This is a hard-hitting book that conservatives will likely dismiss as a hysterical screed by the loser in 2000. Maybe Gore would have liked the book to prompt a draft for another run. In any case, for anyone concerned about the health of our democracy, there is too much here to dismiss so easily.
The Ancestors Tale
The Ancestor’s Tale, A Pilgrimage to the Dawn of Evolution by Richard Dawkins is an amazing reverse chronicle of the history of human kind. The model is to use both fossil and genetic records to move backwards in time to then next “consestor,” where consestor is defined as common ancestor.
The book is human-centric, that is it uses humans as the starting point and goes back in time adding species as they converge to common consestors. If Dawkins had begun at the beginning of life, humans may have played a much smaller role as the tree of life has many branches of which only a few are our consestors.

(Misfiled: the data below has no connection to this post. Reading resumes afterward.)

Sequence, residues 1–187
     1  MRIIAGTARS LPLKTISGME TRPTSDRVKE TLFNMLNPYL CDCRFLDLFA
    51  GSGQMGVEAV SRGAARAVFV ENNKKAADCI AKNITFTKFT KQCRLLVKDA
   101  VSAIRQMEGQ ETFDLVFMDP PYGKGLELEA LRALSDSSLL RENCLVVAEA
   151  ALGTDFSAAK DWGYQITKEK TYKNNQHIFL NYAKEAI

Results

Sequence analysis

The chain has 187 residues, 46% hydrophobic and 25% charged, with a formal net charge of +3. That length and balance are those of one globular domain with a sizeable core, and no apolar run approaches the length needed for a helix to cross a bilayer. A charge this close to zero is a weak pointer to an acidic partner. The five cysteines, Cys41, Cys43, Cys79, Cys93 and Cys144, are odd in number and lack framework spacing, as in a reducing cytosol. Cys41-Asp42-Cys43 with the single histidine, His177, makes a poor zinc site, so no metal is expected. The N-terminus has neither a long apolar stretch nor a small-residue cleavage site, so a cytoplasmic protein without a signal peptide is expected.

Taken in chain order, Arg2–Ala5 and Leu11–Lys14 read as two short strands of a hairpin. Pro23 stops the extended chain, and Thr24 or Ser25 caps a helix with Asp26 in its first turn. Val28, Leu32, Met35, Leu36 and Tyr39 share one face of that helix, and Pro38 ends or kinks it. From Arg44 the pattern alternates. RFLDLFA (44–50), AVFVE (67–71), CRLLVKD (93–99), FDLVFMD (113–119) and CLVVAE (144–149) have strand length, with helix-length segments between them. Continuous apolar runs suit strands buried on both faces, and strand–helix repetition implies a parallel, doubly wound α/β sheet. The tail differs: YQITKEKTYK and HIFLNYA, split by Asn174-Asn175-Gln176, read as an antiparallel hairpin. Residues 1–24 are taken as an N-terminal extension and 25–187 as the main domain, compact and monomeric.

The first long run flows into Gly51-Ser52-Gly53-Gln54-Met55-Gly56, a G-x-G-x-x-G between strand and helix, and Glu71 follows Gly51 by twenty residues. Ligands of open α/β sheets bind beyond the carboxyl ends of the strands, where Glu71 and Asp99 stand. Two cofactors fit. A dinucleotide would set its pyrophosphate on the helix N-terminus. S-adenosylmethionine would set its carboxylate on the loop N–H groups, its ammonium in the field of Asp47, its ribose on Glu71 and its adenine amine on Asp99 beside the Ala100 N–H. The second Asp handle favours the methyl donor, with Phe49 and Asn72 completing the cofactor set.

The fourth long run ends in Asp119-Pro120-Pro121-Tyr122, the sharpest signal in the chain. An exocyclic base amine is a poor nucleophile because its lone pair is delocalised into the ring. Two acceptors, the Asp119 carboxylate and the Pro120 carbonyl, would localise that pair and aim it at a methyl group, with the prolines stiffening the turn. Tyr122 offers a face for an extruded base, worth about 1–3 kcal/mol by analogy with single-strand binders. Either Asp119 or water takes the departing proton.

The first hundred pages are concerned with genus Homo, that is humans and our immediate predecessors. The first “rendezvous” with a consestor is the common ancestor of humans and chimpanzees. It occurred approximately six mya (million years ago.) Gorillas joined about seven mya, Orangutans about 14 mya, and so on.
The book contains many interesting and informative points that explain how conclusions are achieved and which points are more thoroughly understood and which branches are still open for discussion.
Several times Dawkins warns creationist apologists not to use this item or that statement as evidence that scientists are at odds with each other.
Several interesting anomalies are discussed. One example is the axolotl, a member of the salamander family that is unique in that it never actually reaches the “adult” phase that most amphibians achieve. That is, they are hatched in the water, have a tadpole phase, develop sex organs and move out of the water, become salamanders and mate. Axolotls are an exception; the tadpoles develop sex organs and mate. They never leave the water. However, if the tadpoles are administered a specific hormone, the adult salamander phase develops. This anomaly, known as neoteny, has been put forth by some biologists to explain the bipedal nature of humans. Perhaps we never fully reach our adult stage and if we did we would revert to walking on all four limbs.